Thursday, November 11, 2010

Smoked Brisket Nachos

So I'm going to be really upfront about this recipe.  It's a ripoff of my black bean & chicken nachos except our friend, Grant, smoked a brisket and we did nachos with the leftovers.  It's absolutely fantastic.  But you need to have a source for the meat.  Any smoked meat would work - but this is how we make it...

Tostitos - the round ones - plain
1 can black beans, rinsed/drained
1 can corn, drain/rinse
1 bunch cilantro, wash/chop (optional)
1 jalapeno, seeded/minced (optional)
shredded Mexican blend cheese
leftover smoked brisket, chopped

Spread the chips in a single layer in a wide, shallow plate/platter.  Sprinkle with a small amount of cheese.  Top with beans, corn, meat, cilantro and then a generous layer of cheese.  Repeat if desired.

Bake at 350 for about 10 minutes or a bit longer if you're doing two layers.

Serve with sour cream & salsa. 

This meal, and the many variations we've come up with... always, always a hit.

Wednesday, November 10, 2010

Ratatouille Pasta

Okay, I've tweaked this quite a bit from a few different ideas.  The big revelation for me came from Food & Wine where a guy made subs with ratatouille and a goat cheese spread.  It's a really terrific combination.   The ratatouille can be tweaked to your hearts content. 

I like to chop all of the veggies into bite sized pieces and then saute them individually.  That's for a couple of reasons: I can get started cooking one while I'm chopping the next and because it makes a ton, I think it's good to do it in smaller batches so that you can get each thing properly cooked (and room in the pan = caramelization and that means flavor).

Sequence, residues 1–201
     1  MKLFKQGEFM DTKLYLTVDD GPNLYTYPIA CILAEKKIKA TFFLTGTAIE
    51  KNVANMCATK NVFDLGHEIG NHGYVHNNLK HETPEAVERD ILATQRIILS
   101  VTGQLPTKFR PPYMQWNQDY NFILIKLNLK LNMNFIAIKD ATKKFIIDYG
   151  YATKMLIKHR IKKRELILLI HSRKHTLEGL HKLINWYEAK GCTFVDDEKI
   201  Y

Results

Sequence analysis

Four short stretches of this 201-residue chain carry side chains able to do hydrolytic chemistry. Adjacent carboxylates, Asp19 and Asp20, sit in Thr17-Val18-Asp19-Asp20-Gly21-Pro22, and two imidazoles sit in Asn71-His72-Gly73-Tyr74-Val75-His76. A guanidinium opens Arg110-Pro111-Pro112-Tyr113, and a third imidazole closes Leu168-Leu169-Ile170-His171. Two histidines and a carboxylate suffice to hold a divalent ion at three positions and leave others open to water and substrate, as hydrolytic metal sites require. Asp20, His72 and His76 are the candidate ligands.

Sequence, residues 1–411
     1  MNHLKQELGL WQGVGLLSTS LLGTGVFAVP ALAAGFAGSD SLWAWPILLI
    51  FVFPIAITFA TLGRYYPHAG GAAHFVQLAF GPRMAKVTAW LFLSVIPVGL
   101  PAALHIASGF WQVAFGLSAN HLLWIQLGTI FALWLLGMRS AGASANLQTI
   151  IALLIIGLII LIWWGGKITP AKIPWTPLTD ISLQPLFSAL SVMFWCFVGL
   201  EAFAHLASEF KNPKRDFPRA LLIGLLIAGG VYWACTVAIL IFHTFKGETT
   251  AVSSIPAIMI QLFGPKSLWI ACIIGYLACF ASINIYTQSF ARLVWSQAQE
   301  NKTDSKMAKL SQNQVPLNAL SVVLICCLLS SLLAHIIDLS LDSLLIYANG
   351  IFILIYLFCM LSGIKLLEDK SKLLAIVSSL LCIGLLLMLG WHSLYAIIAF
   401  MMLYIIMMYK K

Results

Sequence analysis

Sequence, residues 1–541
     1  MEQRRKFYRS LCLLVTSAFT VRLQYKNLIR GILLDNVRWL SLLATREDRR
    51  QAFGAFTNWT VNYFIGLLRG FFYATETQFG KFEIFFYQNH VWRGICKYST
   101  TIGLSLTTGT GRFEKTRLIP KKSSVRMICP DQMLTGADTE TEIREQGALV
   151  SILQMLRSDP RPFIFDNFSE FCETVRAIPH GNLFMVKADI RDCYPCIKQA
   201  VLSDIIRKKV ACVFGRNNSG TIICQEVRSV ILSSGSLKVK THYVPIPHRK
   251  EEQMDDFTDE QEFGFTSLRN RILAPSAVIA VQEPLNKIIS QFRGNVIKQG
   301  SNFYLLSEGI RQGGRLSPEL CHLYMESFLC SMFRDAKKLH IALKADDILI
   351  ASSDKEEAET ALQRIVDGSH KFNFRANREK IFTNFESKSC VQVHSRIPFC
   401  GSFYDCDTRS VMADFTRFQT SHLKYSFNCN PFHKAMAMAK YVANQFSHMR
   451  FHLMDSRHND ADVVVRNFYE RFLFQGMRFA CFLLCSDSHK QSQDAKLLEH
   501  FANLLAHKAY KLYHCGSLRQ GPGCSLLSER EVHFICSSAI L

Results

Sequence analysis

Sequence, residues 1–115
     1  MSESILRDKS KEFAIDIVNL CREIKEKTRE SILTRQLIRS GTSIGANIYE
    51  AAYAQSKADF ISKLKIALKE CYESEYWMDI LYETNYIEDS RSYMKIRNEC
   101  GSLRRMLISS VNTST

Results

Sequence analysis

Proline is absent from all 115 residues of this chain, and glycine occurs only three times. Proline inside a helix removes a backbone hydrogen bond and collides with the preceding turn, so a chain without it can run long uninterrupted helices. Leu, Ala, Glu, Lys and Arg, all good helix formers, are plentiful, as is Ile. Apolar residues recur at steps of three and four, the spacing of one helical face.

Prep (you can do this a day before or, if you're a fast chopper, while your water is heating for the pasta).

1 med eggplant, peeled & cut into bite sized pieces (NOTE: if you have time, I like to toss it in a colander and put a TB or so of kosher salt over it and allow it to set for 30 minutes or so.  This will pull a lot of the moisture out of the eggplant and seems to remove any of the bitter taste that eggplant can sometimes have.  Then just rinse it off and proceed.)

2 red peppers
1 zucchini
1 onion
4 cloves garlic
thyme - to taste but several sprigs or about a TB dried
olive oil

saute each item in olive oil & garlic.  Add thyme, salt & pepper and set aside. 
(you can do everything up to here a day or two ahead of time and just reheat the night you make the pasta)

Once it's all done, add it back into the pan and add a can of diced tomatoes (drained) and some more thyme.

Cook your pasta (I like Rigatoni - but whatever works for you) and when it's almost done, pull out about a cup of the cooking water and set it aside, then drain the pasta.